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7 '90s Sneakers We Want To Have A Solid Comeback

Classics that must be reissued for today's sneakerheads
by Miguel Escobar | Mar 11, 2016
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There's just something about sneakers from the '90s that gives them a lasting appeal. In this golden age of Ultra Boosts, Roshe Runs, and 3D-printed shoes, some of the most popular sneakers are still the ones from two or three decades ago.

Your Air Jordan 11s? Those came out in '95. Your high-top Reeboks with the pumps? They dropped in '89. Those Stan Smiths you just double-tapped on Instagram? The first ones dropped in '71. Despite the leaps and bounds we have made in footwear design and technology, sneaker culture today is still widely populated—if not dominated—by the classics.

Luckily for us, the shoes of eras past routinely come back as "retros," or reissues. It's a way of keeping the classics alive, gifting them to a new generation. It's because of this practice that we still have OG Air Jordans, adidas Superstars, and Air Max 90s.

However, not all classic sneakers are so lucky. Here are a few really solid designs from the '90s that are yet (and we hope) to be reissued.

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Nike Air Structure Triax 91 (1990)

Since its original release in 1990, the Nike Air Structure Triax 91 has yet to see a thorough reissue. A few new colorways popped up sparingly in 2008 through 2009, but none were noteworthy enough to do justice to this trippy, classic retro runner.

Asics Gel SY55 AP GT-Lyte (1991)

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The Asics Tiger may be all the rage these days, but few from this new generation of sneakerheads know of Asics' 90s basketball shoes. The Gel SY55 is just one of them, and it's of the same tall, chunky silhouette that defined the era.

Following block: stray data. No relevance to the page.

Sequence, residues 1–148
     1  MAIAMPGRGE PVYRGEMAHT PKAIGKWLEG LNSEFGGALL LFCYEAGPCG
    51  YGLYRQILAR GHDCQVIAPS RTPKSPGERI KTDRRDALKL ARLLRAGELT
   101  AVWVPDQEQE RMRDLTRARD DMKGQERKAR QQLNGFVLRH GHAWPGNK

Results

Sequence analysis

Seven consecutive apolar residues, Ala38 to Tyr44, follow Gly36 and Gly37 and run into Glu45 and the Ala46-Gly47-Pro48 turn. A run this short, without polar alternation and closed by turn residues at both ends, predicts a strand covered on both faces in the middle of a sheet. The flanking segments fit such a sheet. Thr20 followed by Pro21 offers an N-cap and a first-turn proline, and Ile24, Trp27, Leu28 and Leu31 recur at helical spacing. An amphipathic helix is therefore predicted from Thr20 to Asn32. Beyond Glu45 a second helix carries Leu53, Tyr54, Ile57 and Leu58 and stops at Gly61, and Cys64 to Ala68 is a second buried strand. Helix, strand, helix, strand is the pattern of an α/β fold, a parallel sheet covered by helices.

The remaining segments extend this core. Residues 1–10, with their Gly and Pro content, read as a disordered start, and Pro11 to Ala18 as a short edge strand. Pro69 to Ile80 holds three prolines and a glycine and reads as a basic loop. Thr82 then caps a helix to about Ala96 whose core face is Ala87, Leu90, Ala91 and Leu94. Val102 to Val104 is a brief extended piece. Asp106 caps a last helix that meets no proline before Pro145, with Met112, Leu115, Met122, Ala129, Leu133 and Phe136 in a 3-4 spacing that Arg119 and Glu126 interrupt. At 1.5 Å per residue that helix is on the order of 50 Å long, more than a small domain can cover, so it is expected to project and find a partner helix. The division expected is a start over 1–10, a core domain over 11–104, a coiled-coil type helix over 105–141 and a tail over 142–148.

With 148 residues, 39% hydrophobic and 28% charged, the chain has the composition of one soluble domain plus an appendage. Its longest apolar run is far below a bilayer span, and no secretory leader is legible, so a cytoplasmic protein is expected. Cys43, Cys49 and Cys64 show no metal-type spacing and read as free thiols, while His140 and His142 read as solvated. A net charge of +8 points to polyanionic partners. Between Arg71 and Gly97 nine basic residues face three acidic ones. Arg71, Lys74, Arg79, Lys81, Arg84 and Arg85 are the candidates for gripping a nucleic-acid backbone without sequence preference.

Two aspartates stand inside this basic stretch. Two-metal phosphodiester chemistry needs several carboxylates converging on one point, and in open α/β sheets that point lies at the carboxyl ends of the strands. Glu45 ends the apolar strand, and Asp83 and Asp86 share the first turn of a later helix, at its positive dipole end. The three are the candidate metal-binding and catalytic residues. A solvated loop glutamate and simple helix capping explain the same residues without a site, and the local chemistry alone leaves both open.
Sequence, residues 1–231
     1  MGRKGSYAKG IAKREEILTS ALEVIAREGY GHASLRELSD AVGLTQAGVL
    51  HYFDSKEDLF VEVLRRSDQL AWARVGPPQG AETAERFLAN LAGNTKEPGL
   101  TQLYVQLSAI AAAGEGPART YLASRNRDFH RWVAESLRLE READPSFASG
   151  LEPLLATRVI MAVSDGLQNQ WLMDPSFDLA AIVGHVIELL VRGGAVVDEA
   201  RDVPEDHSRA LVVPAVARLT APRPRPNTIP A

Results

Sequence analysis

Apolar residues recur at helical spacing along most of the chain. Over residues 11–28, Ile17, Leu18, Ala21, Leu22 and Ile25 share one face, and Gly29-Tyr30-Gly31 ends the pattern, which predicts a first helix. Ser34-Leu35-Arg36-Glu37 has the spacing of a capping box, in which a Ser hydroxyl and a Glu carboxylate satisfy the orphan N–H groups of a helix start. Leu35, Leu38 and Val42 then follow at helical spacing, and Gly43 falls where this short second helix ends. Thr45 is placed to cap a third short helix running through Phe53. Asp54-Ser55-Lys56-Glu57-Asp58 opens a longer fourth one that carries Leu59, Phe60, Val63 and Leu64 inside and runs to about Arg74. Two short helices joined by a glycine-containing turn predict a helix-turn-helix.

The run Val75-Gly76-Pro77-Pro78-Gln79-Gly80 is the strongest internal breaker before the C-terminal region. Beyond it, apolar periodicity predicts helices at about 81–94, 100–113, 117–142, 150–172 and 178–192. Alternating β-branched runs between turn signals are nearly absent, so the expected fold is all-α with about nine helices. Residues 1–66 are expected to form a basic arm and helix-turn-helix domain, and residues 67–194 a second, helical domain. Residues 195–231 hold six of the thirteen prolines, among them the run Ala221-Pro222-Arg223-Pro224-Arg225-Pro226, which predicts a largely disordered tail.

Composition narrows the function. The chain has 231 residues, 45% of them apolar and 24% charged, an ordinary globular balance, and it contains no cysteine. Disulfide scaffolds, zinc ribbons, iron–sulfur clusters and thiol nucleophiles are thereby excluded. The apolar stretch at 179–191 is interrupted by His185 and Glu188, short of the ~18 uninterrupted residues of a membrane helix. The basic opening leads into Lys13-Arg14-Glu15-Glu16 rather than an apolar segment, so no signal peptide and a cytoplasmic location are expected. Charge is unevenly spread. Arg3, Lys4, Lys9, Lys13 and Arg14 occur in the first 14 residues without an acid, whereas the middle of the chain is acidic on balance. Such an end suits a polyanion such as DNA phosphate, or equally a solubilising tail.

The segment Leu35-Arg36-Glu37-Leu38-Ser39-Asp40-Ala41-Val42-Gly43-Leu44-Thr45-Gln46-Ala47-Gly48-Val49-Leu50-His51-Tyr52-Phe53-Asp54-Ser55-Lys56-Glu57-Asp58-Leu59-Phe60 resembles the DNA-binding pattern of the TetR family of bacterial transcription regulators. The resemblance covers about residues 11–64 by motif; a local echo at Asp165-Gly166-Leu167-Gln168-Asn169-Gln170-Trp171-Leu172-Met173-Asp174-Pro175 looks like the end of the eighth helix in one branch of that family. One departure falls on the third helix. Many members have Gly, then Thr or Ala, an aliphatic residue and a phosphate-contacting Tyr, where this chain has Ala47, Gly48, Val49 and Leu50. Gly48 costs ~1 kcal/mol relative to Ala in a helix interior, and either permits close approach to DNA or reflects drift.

adidas Streetball Lo (1993)

Like the Converse Tar Max (up next), the adidas Streetball was designed for—well, streetball: extra chunky and grippy for outdoor surfaces. Bring it back today with the same OG colorway and it's sure to find a place in any of the newly minted adidas heads' sneaker rotation.

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Converse Tar Max II (1994)

Originally designed for outdoor basketball and endorsed by Larry Johnson, Converse's long-forgotten Tar Max line deserves a second round in the limelight. A chain mesh upper with TarTrax lugs on the outsole gave the Tar Max sneakers extra traction, making them ideal for streetball pick-up games. Picture the all-black Tar Max II in 2016, with today's of-the-moment gothic athleisure look—fits right in, doesn't it?

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Asics Gel Diablo (1995)

The sleek upper and soft curves of the Asics Gel Lyte III and the Gel Lyte V have kept them very much alive and well in the 21st century. The Gel Lyte Diablo however has a much more aggressive design, with more panels and sharp curves, but also with the same sleek, retro look of the III and the V. Can you imagine what a Ronnie Fieg colorway of these would look like?

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Reebok Optix (1996)

If you found the Reebok Shaqnosis to be a little too left-of-center for your taste, the Optix is probably what you're looking for. In its original black and white colorway, the shoe is just as bold and commanding, but is also a little less in-your-face, especially in the all-white colorway that Shawn Kemp wore for the 1996 NBA Finals.

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adidas EQT Vapor (1998)

The adidas Renaissance of 2015 (which seems to be spilling over pretty well into 2016) has seen a lot of reissued and redesigned models from the EQT line: the EQT Running Support, the EQT Running Guidance, and the ultra-modern 3/3F15 collection. The EQT models are all relics of adidas' experimentations in performance from the '90s, and one has yet to make a comeback: the EQT Vapor. Admittedly, it looks a little like the predecessor of your horrendous hiking shoes, but in the right colors, it's sure to put an interesting spin on streetwear's current fascination with athletic wear.

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Images via,,,,,, (Boris Misalandi), (@deadstocksnkrblog)

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